The week before Easter, known as Holy Week, is very special in the Christian tradition. The Sunday before Easter is Palm Sunday, with the Wednesday before Pascha being known as Spy Wednesday. (I always rooted for the black one.) The last three days before Easter are Maundy Thursday, (no singing Barry Manilow, no matter how much you want to) Good Friday and Holy Saturday. Palm Sunday, Maundy Thursday and Good Friday respectively commemorate Jesus' entry in Jerusalem, the Last Supper and the Crucifixion. Maundy Thursday, Good Friday, and Holy Saturday are sometimes referred to as the Easter Triduum (Latin for "Three Days," in case you couldn't suss that out on your own). In some countries, Easter lasts two days, with the second called "Easter Monday". The week beginning with Easter Sunday is called Easter Week or the Octave of Easter, and each day is prefaced with "Easter", e.g. Easter Monday, Easter Tuesday, through Easter Saturday is therefore the Saturday after Easter Sunday. The day before Easter is properly called Holy Saturday. Many churches begin celebrating Easter late in the evening of Holy Saturday at a service called the Easter Vigil.
In Eastern Christianity, the spiritual preparation for Pascha begins with Great Lent, which starts on Clean Monday and lasts for 40 continuous days (including Sundays). The last week of Great Lent (following the fifth Sunday of Great Lent) is called Palm Week, and ends with Lazarus Saturday. (Because ho too rose from the dead.) The Vespers which begins Lazarus Saturday officially brings Great Lent to a close, although the fast continues through the following week. After Lazarus Saturday comes Palm Sunday, Holy Week, and finally Pascha itself, and the fast is broken immediately after the Paschal Divine Liturgy.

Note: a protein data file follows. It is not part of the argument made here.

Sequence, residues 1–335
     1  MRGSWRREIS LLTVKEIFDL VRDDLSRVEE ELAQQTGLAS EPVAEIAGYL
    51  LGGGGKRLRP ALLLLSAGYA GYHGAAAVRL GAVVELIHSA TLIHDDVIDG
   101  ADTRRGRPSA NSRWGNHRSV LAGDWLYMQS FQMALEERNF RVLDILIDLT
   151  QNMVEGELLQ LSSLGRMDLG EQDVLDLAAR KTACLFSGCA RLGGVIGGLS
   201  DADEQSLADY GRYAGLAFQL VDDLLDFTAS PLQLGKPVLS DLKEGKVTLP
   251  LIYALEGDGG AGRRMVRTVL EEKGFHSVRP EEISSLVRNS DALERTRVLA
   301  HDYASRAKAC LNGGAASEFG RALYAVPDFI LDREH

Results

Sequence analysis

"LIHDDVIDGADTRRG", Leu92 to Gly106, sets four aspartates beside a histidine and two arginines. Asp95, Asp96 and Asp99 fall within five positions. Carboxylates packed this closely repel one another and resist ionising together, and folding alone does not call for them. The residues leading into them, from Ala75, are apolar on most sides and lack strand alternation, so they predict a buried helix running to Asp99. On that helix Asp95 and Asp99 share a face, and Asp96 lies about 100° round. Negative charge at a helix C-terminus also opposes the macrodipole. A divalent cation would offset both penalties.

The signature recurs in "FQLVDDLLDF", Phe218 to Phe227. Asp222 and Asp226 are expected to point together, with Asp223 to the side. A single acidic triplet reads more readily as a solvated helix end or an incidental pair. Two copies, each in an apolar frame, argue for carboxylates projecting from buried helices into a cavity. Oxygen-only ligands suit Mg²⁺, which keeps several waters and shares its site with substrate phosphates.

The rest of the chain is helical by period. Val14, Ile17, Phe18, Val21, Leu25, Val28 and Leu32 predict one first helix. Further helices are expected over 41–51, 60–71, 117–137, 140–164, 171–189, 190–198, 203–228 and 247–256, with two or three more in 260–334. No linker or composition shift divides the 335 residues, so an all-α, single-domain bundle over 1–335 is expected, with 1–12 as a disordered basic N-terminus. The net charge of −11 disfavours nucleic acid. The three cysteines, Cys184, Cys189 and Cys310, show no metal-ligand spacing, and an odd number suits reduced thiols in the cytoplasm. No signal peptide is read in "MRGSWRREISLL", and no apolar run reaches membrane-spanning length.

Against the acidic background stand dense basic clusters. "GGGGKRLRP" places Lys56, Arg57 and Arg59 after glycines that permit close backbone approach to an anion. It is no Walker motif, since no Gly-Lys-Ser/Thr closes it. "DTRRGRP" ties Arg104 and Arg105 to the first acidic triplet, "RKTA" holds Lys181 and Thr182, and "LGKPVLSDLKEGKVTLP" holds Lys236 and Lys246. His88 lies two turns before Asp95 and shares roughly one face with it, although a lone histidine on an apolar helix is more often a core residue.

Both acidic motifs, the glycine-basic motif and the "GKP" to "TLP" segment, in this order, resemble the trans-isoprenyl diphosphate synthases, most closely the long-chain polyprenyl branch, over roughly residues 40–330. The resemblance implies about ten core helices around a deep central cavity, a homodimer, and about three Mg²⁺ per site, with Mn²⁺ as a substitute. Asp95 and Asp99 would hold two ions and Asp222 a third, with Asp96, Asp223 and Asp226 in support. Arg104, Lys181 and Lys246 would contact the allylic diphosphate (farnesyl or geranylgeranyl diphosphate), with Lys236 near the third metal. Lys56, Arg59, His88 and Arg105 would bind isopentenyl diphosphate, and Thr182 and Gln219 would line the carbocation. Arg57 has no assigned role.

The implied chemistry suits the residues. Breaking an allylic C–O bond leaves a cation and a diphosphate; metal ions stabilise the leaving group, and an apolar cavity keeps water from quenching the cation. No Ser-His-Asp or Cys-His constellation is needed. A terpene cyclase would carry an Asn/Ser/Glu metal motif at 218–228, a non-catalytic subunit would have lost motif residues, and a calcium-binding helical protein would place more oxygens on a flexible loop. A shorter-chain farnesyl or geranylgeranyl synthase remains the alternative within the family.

Yes, it's true(ish), you can use a simple calculator to figure out the date of Easter. Of course it's because Easter is based on astronomy and that's physics, and that's just math I don't really understand. But that just means that someone smarter than I am already figured out how to do it. Here's how:
There are three steps you'll have to go through to find the date of Easter with a calculator
Step 1: Get the Paschal Full Moon date from the table below.
Table 1 below shows the Paschal Full Moon dates from 326 through 2599CE. Use Table 2 for dates from 2600 through 4099.
1: Divide the year by 19.
For example, 2335 divided by 19 equals 122.8947368421053. Take .894 from the table and you have April 9, 2335CE.
Now you add the 3 numbers from the "Results" lines of Tables A, B, and C.
Continuing our earlier example of April 9, 2335 we get 0 from Table A. The 23 from 2335 give you 1 from Table B. The 35 from 2335 gives you 1 from Table C.
Add those three numbers, 0 + 1 + 1 = 2.
*1500 through 1582 use 4
Now you take your results from Step 2 and use those to find the day of the week on which the Paschal Full Moon falls. You then look that up in the final table below and from there you can calculate the date of Easter on whatever year you chose.
From our ealier example of 2335, we got the result of 2. Looking up in the final table we see that 2 corresponds with a Tuesday. We then add 5 days to our original date of April 9 to get April 14. And that, my friends is the date of Easter in the year 2335. Ta Da!